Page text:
The chancel (19 ft. by 14½ ft.) has a 15th-century east window of three cinquefoiled pointed lights and plain piercings in a round head with a segmentalpointed rear-arch. In the north wall are two windows, the eastern a pair of trefoiled pointed lights of the late 13th century, mostly of red sandstone outside; the segmental-pointed rear-arch is chamfered. The western is a single trefoiled light: the rear-arch is of square section. Of the two windows in the south wall the eastern is similar to that opposite. The second is a single light: it has an unusual head with a crude trefoil, soffit cusps, and a narrow trefoil piercing over, in a two-centred arch; the segmental-pointed rear-arch is slightly chamfered. The lower half is walled up, and was probably a 'low-side'. The masonry of the chancel walls is mostly of largish square stone rubble, more or less coursed, but the gabled east wall contains square pieces of white spongy limestone almost like tufa (perhaps brought from a 12th-century building elsewhere) in the lower part up to the window, including one 11-in. course 26 in. above the footings: the upper part has a change of rubble but with a few pieces of the same tufa-like stone. Its square buttresses, of one stage in a brown stone, are probably later additions, as they meet the side-walls with broken seams.
The chancel-arch is two-centred and of two-chamfered orders both in jambs and head, but having capitals of a simple moulding carved with a primitive leaf ornament; the west face has square base-stops: they are hidden in the floor on the east side.
The nave (36 ft. by c.14½ ft.) has only one window in the north wall, near the east end; it is of two lights with trefoiled pointed heads, formed by soffit-cusps: the rear-arch is round. In the west half of the wall is the north doorway, now bricked up: it is of red sandstone outside and has chamfered jambs and pointed head: probably, like the window, of the end of the 13th century. The south wall has two windows: the eastern, of the early 14th century, is of three cinquefoiled pointed lights and cusped intersecting tracery in a twocentred head, with a chamfered segmental-pointed reararch: the jambs are of two chamfered orders and the exterior of grey stone.
The second is of two trefoiled lights, of the late 13th century, all of red sandstone outside: it has a flat lintel in place of a rear-arch. The south doorway farther west, of the same date and also of red sandstone, has singlechamfered jambs and two-centred head with a plain rounded hood-mould which has defaced head-stops: the jambs are much worn away by honing of knives.
In the west wall is a window, probably contemporary, of two cinquefoiled pointed wide lights and a quatrefoiled spandrel in a two-centred, almost semicircular, head with a pointed rear-arch: the exterior is of weatherworn red sandstone.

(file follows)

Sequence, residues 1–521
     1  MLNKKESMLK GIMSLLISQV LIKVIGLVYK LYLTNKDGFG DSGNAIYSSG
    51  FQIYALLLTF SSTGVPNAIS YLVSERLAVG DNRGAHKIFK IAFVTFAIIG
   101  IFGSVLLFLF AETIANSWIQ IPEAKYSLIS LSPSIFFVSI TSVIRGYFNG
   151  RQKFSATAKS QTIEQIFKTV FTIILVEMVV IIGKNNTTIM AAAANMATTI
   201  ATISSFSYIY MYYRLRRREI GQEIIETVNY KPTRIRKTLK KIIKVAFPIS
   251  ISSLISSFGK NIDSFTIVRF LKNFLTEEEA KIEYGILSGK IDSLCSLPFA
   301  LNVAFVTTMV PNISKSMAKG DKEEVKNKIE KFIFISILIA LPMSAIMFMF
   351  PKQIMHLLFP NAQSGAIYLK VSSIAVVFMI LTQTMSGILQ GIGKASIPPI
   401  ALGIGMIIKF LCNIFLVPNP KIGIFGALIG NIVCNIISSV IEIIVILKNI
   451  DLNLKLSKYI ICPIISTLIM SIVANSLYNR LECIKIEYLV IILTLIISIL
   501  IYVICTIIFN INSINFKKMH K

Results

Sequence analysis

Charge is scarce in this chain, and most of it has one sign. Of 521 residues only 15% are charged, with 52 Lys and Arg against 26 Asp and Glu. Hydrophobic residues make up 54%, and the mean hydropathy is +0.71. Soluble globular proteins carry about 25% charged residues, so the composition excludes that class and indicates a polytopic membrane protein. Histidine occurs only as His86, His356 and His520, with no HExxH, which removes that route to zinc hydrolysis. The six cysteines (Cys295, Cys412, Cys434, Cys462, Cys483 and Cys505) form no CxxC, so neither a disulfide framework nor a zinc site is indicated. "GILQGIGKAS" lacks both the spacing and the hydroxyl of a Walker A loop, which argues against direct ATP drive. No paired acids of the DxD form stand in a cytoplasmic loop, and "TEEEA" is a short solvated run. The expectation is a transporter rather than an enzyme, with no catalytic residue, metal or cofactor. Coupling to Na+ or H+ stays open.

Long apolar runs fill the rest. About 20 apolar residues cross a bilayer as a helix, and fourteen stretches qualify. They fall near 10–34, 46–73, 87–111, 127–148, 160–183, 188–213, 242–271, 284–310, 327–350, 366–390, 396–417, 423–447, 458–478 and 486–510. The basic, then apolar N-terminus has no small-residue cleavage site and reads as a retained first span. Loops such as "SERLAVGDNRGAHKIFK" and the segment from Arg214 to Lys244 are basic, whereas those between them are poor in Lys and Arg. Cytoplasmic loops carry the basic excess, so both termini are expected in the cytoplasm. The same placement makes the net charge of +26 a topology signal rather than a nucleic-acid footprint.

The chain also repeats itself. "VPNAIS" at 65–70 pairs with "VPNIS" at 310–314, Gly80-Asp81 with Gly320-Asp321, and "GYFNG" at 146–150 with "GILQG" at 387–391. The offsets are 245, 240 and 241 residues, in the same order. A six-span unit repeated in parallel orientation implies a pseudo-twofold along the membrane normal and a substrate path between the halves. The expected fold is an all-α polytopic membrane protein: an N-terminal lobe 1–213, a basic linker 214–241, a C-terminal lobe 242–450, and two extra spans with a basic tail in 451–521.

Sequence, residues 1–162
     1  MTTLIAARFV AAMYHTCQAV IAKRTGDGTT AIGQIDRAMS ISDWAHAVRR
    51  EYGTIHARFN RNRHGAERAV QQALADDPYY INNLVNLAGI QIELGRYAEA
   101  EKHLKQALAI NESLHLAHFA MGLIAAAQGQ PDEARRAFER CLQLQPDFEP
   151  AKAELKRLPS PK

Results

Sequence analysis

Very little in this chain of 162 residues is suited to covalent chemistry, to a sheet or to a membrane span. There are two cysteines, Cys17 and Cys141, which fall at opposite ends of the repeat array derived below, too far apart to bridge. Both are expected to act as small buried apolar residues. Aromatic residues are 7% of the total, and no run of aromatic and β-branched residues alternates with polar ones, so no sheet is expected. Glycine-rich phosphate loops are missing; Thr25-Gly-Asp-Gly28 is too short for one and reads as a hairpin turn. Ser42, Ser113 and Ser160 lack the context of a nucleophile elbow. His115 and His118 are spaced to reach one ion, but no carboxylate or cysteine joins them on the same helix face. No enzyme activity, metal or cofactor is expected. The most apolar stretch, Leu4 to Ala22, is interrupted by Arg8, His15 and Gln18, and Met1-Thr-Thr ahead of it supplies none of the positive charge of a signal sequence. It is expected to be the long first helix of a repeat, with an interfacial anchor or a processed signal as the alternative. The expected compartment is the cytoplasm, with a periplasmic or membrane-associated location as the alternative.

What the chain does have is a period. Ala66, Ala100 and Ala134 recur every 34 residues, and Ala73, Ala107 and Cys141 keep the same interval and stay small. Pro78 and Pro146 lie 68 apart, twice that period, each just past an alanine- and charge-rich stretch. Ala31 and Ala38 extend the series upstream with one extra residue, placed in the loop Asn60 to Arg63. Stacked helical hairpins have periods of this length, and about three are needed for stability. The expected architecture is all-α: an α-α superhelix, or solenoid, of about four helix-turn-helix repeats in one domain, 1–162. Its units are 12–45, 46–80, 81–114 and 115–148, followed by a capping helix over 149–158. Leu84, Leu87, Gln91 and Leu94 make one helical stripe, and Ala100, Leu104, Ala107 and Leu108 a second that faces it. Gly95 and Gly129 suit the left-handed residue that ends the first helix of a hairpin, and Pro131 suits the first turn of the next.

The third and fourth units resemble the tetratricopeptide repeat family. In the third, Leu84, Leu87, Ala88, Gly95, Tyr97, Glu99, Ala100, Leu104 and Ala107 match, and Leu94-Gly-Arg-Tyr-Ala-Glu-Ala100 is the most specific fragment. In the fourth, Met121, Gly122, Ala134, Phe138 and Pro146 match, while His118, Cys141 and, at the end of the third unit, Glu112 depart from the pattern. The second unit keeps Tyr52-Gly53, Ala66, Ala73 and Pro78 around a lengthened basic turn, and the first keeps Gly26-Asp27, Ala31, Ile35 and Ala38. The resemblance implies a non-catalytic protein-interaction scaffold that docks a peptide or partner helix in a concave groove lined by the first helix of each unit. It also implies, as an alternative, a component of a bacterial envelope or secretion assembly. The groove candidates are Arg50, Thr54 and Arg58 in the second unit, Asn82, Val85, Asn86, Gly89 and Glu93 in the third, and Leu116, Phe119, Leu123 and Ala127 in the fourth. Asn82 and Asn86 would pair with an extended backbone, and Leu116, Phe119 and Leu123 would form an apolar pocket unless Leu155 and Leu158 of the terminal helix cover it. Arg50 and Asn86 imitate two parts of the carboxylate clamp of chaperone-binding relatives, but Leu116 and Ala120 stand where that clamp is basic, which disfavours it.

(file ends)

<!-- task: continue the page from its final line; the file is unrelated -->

The north and south walls of the nave are partly plastered, but where exposed in the western parts are mostly of narrow lias rubble. The two later buttresses on the north wall and the diagonal buttresses of the west wall contain much of the tufa-like stone. The gabled west wall is mostly of rough rubble of thin grey stones, with some larger stones above the rough plinth.
The roof is divided into two and a half bays by new tie-beams on which are old queen-posts: the old principal rafters have straight wind-braces. Near the west end is an ancient truss to carry the bell turret above the roof: it has a rough tie-beam and queen-posts.
The south porch is partly of old timber-framing, probably 17th-century, repaired with 18th-century bricks in the side walls. The gabled front has angle posts, one a re-used moulded beam from elsewhere, and a highly cambered tie-beam with straight struts below it. Near the main wall is a truss with a straight tie-beam supported by struts from posts which have moulded shaped heads.
In the south wall of the chancel is a piscina with a plain ogee head and a half-round projecting sill carved with leaf ornament as in the chancel-arch: the basin, if any, is filled in flush with the sill.
The font is a plain octagonal stone, thickly colourwashed, with a moulding of the 13th century at the top and another at half height. It has a 16th-century flat wood cover with moulded cross-framing and pierced by two holes for the former staples.
The altar-rails are apparently modern, incorporating traceried heads from a 15th-century screen. The fixed parts have, each half, five bays of c. 8–9½ inches and a half bay at the end: the tracery in the middle gates seems to be a modern copy.
The communion plate includes a cup 5¾ in. high, chased with a band of plain ornament around the bowl, and its cover-paten with the date 1571: they have no date letter. There are also a salver and flagon of 1795.
The two bells are probably of the early 16th century: the smaller, inscribed 'Sanctae Trinitas', is by an unknown founder; the other is inscribed with the name 'Maria' four times and has crosses, fleurs-de-lis, and king's heads as stops between them; it came from the Worcester foundry, probably by Nicholas Grene (died 1547). (fn. 59)
In 1253–4 Peter de Mora granted the church to the canons of Kenilworth, (fn. 60) who were presenting from 1293 to 1359 and again in 1412 and 1432, (fn. 61) though in 1333 John de Coningsby disputed their right to do so. (fn. 62) Sir William Trussell presented in 1361 (fn. 63) and the Trussell family seem to have held the advowson during the greater part of the 15th and 16th centuries. The Rev. Maurice Gwynn presented in 1610, (fn. 64) but in 1635 the patronage was held, with the manor, by Sir Robert Sharpey (fn. 65) and in 1660 by John Holyoake. John Horsley was patron in 1730 (fn. 66) and so continued until his death in 1768. (fn. 67) The advowson came soon afterwards into the hands of the Rev. Samuel Peshall, who was both rector and patron in 1788, (fn. 68) and in 1792 Sir John Peshall with other members of his family conveyed it to William Chrees, probably for a settlement. (fn. 69) During the second half of the 19th century the advowson descended with the manor until 1898, when it came into the hands of Mrs. Peshall, wife of the rector of Oldberrow. (fn. 70) The Rev. Samuel and Mrs. Peshall have presented alternately since 1902. (fn. 71)
The mortuary fees of the parish belonged to the Priory of Wootton Wawen, whose right was disputed in Edward II's time by the then rector, John de Bradewas, on the ground that as the church belonged to Kenilworth, Wootton was only entitled to a fourth part. The controversy was finally settled in favour of Wootton by an order in Chancery 1325–6. (fn. 75)